- Our View: Great Lakes Basin rail bypass can benefit Boone County
By The Editorial Board
Rockford Register Star
Posted May. 14, 2016 at 9:00 AM
Would the plan by Great Lakes Basin Transportation Inc. to build an $8 billion, 278-mile railroad bypass around Chicagoland benefit the economy of Boone County?
It certainly could, if local leaders take advantage of it.
Would it contribute to the destruction of too much vital farmland, as opponents contend? No. The people so concerned about protecting farmland should look around Boone and Winnebago counties. Plenty of farmers have sold their land to real estate developers. That didn't seem to raise a ruckus.
The railway, which would bisect Boone County, is a private enterprise, to be built without government funding. The entrepreneurs who plan to construct it calculate that they can make money by contracting with freight railroads to run trains around the nation’s third-largest metropolitan area. Chicagoland is beset by rail gridlock resulting from 500 freight trains a day hauling 37,500 freight cars and 700 passenger trains a day. The infrastructure to handle all that traffic is 100 years out of date. So, a freight train can travel from the Port of Los Angeles and Long Beach to Chicago in 48 hours, then spend 30 hours stuck in Chicago before moving on to its final destination.
That delay costs American businesses and consumers time and money. And rail traffic in Chicagoland is predicted to double by 2025, says the Chicago Metropolitan Agency for Planning.
The congestion in Chicagoland can be traced to America’s lack of a comprehensive national infrastructure program, and the money to pay for it. Other countries have passed us by. Panama, for instance, has just completed a multibillion-dollar widening and deepening of the Panama Canal, which starting in June will accept the largest container ships in the world, making the canal price competitive with shipping through the U.S. by rail.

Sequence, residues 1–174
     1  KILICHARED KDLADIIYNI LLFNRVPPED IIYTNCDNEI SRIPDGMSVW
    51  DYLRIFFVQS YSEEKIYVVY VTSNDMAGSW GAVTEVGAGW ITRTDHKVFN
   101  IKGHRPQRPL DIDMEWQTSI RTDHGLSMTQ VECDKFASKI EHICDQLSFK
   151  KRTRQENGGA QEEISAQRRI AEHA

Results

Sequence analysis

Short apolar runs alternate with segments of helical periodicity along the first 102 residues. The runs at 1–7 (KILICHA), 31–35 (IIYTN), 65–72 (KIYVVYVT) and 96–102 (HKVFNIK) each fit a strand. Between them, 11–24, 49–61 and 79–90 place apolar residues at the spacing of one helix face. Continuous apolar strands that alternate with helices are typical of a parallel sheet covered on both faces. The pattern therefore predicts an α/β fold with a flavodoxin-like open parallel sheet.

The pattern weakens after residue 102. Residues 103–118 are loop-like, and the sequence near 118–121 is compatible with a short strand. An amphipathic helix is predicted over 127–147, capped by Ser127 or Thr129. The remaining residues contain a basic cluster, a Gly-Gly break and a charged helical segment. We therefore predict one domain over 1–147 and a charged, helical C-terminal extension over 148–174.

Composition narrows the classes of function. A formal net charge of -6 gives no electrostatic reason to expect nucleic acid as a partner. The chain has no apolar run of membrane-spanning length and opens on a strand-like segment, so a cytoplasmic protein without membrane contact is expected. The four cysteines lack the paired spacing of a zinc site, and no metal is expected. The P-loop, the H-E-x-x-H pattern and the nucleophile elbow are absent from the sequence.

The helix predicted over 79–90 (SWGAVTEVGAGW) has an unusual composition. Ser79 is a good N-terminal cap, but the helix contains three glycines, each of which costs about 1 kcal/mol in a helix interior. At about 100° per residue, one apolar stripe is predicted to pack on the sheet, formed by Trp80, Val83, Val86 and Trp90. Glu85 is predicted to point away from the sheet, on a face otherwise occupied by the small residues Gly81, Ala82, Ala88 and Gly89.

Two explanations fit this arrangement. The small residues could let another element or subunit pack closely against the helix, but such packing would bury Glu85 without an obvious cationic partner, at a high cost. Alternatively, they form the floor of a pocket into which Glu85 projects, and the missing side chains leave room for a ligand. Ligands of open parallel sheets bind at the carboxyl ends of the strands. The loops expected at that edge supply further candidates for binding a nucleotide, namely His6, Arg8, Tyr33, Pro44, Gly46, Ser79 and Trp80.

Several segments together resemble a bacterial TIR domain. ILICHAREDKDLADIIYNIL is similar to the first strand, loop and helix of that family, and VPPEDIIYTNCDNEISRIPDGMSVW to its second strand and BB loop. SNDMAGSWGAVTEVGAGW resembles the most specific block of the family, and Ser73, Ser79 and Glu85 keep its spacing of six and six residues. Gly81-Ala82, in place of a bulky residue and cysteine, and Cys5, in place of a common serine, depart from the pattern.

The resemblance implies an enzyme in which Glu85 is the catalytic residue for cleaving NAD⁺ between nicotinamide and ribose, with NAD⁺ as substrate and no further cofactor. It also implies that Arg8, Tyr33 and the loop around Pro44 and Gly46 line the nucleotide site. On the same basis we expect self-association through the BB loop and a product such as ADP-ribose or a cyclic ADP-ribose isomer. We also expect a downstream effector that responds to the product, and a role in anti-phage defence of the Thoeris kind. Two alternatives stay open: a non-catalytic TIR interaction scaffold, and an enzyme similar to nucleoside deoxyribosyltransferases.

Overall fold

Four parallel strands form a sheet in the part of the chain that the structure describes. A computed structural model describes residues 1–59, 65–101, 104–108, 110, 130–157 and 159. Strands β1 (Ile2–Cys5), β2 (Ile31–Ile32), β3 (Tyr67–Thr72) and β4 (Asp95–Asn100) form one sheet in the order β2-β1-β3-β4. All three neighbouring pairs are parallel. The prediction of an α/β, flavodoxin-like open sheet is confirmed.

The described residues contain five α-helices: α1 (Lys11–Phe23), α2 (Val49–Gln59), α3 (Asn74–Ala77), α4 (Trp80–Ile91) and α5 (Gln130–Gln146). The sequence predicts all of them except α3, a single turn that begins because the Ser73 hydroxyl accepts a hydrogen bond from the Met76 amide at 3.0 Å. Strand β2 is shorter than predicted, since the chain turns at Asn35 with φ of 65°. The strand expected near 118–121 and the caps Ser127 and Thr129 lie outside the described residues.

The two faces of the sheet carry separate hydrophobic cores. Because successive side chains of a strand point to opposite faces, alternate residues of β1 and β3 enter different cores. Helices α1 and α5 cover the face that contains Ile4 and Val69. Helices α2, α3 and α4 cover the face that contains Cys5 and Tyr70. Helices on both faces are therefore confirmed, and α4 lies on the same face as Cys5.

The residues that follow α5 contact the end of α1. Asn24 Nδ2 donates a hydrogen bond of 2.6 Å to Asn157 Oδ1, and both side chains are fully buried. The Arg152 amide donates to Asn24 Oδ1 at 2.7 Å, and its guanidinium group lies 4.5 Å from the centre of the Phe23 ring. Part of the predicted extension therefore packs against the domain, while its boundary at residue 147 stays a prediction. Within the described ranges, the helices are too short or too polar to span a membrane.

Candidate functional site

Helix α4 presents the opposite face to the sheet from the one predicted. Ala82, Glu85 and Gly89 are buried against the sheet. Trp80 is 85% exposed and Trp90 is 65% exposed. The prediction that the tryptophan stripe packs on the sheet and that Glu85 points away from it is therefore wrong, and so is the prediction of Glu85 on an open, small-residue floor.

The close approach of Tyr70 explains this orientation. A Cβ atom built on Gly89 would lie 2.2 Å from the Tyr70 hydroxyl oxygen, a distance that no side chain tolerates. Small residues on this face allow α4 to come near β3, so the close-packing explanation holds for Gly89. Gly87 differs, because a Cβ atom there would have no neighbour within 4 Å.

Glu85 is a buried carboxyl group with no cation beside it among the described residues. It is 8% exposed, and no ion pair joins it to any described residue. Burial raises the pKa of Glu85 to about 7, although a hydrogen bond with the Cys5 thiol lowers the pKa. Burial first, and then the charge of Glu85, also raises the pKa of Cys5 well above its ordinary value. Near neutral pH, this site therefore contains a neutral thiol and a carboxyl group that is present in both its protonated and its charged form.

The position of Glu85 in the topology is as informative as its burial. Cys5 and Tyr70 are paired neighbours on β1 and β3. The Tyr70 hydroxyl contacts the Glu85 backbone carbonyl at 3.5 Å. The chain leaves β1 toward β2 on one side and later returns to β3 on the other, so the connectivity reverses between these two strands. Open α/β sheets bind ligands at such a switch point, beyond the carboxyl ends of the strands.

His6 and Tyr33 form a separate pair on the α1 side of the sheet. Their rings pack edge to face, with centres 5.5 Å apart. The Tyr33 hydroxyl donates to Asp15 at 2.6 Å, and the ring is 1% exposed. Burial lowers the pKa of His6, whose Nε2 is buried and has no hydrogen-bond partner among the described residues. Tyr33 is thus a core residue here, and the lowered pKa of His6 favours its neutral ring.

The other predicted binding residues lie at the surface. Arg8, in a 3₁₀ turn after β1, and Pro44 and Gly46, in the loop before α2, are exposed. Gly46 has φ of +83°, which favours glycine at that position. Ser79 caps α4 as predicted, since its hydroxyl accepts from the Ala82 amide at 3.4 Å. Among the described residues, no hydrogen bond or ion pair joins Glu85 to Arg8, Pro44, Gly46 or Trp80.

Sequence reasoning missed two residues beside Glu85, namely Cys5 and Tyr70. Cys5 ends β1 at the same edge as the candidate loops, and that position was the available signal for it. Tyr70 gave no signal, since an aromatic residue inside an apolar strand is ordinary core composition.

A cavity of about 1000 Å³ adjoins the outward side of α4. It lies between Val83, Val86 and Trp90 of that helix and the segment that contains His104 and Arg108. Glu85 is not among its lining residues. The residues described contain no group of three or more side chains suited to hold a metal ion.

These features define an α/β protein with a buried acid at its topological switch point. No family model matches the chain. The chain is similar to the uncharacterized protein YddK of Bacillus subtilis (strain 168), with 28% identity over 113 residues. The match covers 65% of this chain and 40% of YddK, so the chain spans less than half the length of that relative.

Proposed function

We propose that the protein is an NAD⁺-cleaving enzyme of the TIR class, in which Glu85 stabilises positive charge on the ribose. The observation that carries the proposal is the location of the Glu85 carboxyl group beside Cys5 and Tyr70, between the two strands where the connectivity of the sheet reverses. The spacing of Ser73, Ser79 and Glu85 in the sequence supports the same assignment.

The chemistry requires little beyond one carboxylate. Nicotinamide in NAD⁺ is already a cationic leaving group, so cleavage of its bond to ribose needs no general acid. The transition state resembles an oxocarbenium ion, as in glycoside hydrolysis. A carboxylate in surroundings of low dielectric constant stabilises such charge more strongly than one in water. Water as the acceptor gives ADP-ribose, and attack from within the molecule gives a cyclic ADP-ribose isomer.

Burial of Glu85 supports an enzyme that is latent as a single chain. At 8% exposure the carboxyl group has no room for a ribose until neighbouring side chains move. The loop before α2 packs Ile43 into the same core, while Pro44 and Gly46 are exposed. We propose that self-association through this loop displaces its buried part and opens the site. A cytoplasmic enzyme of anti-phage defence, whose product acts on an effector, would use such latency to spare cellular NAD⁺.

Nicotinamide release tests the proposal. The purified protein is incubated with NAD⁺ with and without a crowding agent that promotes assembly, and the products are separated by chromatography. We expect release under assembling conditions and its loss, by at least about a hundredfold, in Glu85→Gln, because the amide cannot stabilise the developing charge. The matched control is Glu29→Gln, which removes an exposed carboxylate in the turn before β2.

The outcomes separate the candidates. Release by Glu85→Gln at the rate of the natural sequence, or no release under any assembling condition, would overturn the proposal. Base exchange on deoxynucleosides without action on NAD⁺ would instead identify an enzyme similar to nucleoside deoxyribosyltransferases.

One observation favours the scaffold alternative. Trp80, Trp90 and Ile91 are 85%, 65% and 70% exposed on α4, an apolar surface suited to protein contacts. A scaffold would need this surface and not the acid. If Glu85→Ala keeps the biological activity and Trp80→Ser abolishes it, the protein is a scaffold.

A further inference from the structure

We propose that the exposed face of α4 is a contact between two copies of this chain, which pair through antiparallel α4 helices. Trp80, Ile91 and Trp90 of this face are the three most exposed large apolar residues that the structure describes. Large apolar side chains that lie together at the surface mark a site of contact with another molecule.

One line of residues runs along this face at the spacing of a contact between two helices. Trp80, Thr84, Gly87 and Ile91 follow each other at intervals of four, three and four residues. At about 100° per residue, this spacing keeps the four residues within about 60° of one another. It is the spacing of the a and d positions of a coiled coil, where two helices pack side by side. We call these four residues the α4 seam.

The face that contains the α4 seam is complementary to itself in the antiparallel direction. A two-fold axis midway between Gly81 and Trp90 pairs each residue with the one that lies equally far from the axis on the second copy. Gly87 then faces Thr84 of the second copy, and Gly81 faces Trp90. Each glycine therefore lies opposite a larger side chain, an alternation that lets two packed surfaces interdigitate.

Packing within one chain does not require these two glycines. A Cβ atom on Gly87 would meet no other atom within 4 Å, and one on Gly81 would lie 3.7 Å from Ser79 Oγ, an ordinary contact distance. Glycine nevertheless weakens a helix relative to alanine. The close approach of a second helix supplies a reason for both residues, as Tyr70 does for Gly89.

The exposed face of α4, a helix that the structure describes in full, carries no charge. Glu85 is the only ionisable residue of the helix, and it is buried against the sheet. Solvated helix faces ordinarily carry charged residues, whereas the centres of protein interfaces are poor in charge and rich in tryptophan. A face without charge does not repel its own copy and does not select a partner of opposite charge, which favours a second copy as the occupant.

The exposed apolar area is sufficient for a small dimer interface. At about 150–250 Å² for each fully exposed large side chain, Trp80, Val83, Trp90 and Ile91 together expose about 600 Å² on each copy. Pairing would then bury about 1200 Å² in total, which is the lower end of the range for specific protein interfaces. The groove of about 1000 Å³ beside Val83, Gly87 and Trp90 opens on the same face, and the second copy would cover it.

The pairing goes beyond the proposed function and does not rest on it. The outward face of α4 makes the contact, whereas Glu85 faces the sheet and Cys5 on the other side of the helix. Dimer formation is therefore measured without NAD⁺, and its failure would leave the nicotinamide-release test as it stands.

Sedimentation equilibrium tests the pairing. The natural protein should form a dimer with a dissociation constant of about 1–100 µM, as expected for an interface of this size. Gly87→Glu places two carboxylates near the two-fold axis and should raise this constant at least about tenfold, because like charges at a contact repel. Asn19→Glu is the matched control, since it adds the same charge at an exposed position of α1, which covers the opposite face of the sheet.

That’s money for Panama that the U.S. is now getting.
Of all forms of land transportation, the most efficient is steel wheels on steel rail. Railroads are the most eco-friendly form of transportation, too. And compared with superhighways, whose rights of way are 300 feet wide, a railroad takes up a fraction of that.
Unlike, say, Interstate 90, even a busy railroad doesn’t feature constant traffic with whining truck tires day and night.
Nevertheless, anti-railroad groups have organized along the route of the rail bypass, and the arguments they are making seem as hollow as they are familiar.
Yes, a railroad would cut through some farms, but it wouldn’t destroy them the way a superhighway or a subdivision would. Provision would have to be made for farm vehicles to cross the tracks safely, perhaps with overpasses.
If this railroad is built it could benefit Boone County’s economy and other nearby counties, too, especially if an extension is built into Winnebago County.
For an example of how a small community can take advantage of a main rail line, one only has to look to Rochelle, population 9,500. For more than a century, two transcontinental railroad main lines have gone through the city, but until about 30 years ago, Rochelle didn’t take much advantage of the possibilities they offered for economic development.Then, two far-sighted economic development directors, Ken Wise followed by Jason Anderson, turned that situation around. The city constructed a municipally owned switching railroad to provide shippers access to both the Union Pacific and BNSF railroads. They worked next to bring logistics companies to sites along the line. Rochelle also convinced UP to build a huge intermodal rail-to-truck hub west of the city. The municipal switching railroad, operated by a private contractor, makes upwards of $1 million a year for the city.And, although 80 to 100 trains go through Rochelle every day, no one is complaining about it because of the thousands of jobs made possible by companies that use rail transport.Instead of seeing the Great Lakes Basin railroad as an intrusion, Boone County residents and leaders would do well to look it as a potential opportunity for economic growth, which generates prosperity and valuable tax revenue to support local government services.Just as Rochelle has taken full advantage of its railroads to create jobs, so, too, could Boone County. Opportunities like this don’t come along every day.